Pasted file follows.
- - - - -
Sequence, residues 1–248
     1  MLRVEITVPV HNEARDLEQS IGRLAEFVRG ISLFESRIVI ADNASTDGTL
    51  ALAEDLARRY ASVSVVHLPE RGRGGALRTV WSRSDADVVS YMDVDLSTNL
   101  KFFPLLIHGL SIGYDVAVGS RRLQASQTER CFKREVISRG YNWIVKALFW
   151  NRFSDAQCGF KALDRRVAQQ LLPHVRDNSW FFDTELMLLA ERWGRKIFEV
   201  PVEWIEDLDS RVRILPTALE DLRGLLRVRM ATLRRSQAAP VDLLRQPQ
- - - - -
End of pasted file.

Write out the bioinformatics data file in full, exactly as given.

Sequence, residues 1–248
     1  MLRVEITVPV HNEARDLEQS IGRLAEFVRG ISLFESRIVI ADNASTDGTL
    51  ALAEDLARRY ASVSVVHLPE RGRGGALRTV WSRSDADVVS YMDVDLSTNL
   101  KFFPLLIHGL SIGYDVAVGS RRLQASQTER CFKREVISRG YNWIVKALFW
   151  NRFSDAQCGF KALDRRVAQQ LLPHVRDNSW FFDTELMLLA ERWGRKIFEV
   201  PVEWIEDLDS RVRILPTALE DLRGLLRVRM ATLRRSQAAP VDLLRQPQ